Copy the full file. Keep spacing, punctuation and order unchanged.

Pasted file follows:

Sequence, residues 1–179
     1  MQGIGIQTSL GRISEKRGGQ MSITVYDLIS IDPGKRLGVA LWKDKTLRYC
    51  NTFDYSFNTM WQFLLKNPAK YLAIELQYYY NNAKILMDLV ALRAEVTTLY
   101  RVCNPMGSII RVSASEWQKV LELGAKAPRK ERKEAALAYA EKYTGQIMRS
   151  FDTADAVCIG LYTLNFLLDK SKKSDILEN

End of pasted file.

Sequence, residues 1–179
     1  MQGIGIQTSL GRISEKRGGQ MSITVYDLIS IDPGKRLGVA LWKDKTLRYC
    51  NTFDYSFNTM WQFLLKNPAK YLAIELQYYY NNAKILMDLV ALRAEVTTLY
   101  RVCNPMGSII RVSASEWQKV LELGAKAPRK ERKEAALAYA EKYTGQIMRS
   151  FDTADAVCIG LYTLNFLLDK SKKSDILEN